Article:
Two years ago, a little Shih Tzu called Nani wandered out of her yard. Her owner searched everywhere, but Nani had vanished without a trace, even though she was microchipped. As days turned into weeks, months, and years, Paula Wilcher gave up on ever seeing Nani again.
A couple of weeks ago, Frenzy Animal Rescue who once microchipped Nani received a call; someone had spotted the dog wandering along the road and picked it up, and Nani eventually ended up with a veterinarian who read the chip.
No one what Nani knows what she has been up to for the past two years. She appeared with a matted coat and had lost weight, but was in good shape overall.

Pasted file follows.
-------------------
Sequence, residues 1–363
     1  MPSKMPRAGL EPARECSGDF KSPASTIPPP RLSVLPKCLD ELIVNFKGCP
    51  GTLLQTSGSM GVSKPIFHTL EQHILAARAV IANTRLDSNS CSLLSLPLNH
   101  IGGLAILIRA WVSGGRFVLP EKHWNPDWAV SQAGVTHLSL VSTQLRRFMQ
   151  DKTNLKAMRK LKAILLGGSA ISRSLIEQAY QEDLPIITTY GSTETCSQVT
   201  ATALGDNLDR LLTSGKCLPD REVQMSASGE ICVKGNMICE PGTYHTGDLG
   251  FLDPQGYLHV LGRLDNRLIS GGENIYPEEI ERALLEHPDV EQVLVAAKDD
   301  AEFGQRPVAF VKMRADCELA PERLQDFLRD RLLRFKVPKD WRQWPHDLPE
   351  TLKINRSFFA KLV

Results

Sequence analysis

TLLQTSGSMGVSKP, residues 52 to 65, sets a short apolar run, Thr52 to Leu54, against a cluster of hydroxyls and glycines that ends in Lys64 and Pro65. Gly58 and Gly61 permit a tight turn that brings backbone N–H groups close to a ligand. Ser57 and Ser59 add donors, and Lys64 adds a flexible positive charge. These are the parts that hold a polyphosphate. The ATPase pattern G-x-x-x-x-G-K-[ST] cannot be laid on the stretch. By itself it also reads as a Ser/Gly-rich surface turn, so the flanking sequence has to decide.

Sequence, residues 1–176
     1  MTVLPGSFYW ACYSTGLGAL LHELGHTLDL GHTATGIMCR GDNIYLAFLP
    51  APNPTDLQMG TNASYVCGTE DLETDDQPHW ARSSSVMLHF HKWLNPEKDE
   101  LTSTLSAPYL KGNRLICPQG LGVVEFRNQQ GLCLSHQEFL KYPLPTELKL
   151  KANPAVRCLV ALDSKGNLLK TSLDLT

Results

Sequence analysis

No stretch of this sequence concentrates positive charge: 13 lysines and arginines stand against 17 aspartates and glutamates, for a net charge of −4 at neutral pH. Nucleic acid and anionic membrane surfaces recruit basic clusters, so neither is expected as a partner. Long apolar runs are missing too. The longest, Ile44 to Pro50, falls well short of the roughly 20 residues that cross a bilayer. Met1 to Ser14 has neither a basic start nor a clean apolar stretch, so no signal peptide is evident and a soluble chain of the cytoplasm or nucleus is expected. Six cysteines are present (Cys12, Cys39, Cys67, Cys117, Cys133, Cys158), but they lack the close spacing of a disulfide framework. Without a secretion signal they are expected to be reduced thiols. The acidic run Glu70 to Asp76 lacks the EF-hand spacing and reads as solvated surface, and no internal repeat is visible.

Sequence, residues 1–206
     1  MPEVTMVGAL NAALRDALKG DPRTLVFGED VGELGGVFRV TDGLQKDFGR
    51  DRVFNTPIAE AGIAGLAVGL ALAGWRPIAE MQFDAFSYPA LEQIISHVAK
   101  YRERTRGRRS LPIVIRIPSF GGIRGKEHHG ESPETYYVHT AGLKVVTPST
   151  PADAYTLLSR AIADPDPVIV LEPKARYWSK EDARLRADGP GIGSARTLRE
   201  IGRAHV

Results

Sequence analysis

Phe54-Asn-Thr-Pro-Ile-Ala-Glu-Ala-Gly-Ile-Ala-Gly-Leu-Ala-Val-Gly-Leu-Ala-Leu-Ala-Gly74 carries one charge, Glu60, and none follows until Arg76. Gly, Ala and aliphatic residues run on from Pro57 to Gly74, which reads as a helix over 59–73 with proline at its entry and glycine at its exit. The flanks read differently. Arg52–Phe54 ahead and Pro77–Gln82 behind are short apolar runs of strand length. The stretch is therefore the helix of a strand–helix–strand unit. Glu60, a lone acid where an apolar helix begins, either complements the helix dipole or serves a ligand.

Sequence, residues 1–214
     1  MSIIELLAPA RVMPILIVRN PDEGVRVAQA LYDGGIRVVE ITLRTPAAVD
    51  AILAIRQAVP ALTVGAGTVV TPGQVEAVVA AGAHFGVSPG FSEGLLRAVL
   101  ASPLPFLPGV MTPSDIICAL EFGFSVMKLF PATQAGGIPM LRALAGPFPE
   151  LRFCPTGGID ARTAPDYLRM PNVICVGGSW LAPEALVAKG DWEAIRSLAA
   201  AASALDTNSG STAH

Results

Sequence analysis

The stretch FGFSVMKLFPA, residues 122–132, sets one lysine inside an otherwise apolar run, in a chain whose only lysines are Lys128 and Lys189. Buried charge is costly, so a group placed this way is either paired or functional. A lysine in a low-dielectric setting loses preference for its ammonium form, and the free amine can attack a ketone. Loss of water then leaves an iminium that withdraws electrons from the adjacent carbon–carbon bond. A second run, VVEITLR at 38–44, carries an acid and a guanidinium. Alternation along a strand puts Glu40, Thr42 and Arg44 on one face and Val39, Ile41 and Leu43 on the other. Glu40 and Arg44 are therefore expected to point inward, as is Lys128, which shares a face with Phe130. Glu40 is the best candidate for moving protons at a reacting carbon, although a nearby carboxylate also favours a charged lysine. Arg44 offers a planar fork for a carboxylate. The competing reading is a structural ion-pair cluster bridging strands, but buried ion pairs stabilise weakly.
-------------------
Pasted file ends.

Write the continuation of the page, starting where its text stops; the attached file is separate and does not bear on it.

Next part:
Without the microchip, Nani would never have found her way home. Having a chip implanted doesn’t hurt the pet any more than giving a regular vaccination. The chips are injected under the loose skin between the shoulder blades and the process only takes a few seconds.
Pet microchips aren’t tracking devices; they’re read with a scanner and carry a unique identification number. Both cats and dogs can and should be microchipped. Cats often do not wear a collar, and less than 2 percent of lost cats without microchips are returned home. If they have a chip, that rate is 20 times higher.